Manitas de Plata, one of the biggest-selling flamenco artists of all time, died at a rest home in France on November 5. He was 93.

In a career that spanned more than 50 years, De Plata broke boundaries in traditional flamenco music and became one of the best-known gypsy guitarists—his atypical rhythm patterns were of particular influence upon the style.

Born Ricardo Baliardo in Sete, France, in 1921, he was said to have become an accomplished guitar player by age 9. When his career was gaining momentum, he changed his name to Manitas De Plata—which means “little silver hands.” De Plata became a fixture in 1960s French high society, rubbing elbows with the likes of Pablo Picasso, Jean Cocteau, Brigitte Bardot, and Salvadore Dali.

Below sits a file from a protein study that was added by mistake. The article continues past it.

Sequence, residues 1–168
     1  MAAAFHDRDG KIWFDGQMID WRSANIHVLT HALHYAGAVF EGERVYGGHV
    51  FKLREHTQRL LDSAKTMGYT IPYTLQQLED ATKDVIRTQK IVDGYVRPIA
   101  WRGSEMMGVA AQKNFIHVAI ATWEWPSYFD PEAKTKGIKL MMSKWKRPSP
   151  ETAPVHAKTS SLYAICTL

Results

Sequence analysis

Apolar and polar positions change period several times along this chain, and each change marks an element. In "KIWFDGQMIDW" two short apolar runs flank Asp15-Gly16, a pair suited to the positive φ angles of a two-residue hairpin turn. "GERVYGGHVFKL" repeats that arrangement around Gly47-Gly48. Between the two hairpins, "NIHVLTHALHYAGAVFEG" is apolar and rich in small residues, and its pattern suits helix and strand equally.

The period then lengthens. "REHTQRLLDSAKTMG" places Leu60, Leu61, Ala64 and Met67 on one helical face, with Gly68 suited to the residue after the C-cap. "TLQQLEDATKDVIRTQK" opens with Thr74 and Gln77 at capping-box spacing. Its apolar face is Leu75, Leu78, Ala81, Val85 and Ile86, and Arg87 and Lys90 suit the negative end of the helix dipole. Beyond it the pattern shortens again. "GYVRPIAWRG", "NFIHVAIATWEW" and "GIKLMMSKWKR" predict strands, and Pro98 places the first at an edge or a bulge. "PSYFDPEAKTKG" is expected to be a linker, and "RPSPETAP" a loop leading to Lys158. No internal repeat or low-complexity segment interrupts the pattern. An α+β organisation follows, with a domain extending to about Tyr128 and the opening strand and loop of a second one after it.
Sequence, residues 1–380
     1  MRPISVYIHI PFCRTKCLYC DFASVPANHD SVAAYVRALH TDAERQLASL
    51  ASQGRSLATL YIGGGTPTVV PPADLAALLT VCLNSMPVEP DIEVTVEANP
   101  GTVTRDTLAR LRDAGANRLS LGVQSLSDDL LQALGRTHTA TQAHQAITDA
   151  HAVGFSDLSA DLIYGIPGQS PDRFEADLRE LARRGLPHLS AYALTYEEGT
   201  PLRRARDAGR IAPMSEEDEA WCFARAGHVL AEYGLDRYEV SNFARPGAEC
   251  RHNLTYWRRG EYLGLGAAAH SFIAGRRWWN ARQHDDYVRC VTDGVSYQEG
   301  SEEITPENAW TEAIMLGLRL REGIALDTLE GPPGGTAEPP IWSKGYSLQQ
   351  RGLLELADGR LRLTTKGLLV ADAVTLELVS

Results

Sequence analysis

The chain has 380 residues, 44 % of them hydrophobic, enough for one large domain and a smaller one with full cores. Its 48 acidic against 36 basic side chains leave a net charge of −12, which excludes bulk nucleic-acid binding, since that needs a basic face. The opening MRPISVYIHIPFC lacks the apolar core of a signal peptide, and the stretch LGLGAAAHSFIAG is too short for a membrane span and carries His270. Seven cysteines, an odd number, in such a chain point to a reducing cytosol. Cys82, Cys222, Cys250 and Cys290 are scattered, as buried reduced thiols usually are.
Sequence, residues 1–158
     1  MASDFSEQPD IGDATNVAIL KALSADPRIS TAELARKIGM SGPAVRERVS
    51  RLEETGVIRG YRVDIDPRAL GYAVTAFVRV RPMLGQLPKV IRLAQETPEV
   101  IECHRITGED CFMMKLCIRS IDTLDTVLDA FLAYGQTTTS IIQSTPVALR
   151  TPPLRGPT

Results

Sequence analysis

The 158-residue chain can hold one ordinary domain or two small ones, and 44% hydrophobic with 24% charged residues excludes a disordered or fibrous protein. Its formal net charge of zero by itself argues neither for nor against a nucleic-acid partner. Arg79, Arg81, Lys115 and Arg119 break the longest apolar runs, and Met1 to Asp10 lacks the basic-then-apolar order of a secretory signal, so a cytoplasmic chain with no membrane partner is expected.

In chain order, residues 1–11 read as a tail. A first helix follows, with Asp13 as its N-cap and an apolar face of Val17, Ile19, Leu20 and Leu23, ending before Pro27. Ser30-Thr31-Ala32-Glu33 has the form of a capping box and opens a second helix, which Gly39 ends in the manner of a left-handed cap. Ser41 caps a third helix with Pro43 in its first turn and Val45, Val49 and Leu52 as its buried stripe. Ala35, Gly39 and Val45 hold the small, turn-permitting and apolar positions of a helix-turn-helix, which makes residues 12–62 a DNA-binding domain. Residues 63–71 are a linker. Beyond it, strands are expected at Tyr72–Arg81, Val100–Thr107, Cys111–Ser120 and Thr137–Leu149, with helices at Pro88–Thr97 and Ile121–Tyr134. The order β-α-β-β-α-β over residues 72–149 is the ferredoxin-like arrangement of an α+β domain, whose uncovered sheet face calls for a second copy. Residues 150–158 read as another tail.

He didn’t record his first album until he was nearly 40 years old, but from there it was no looking back—his more than 20 releases between the mid-1960s to 2004 sold close to 93 million albums.

At the height of his fame, he had amassed considerable wealth—Picasso reportedly said, “That man is of greater worth than I am”—but, according to family members, he spent the bulk of his fortune on wild living, and in his final years eked out a more meager existence in a Montpellier retirement home.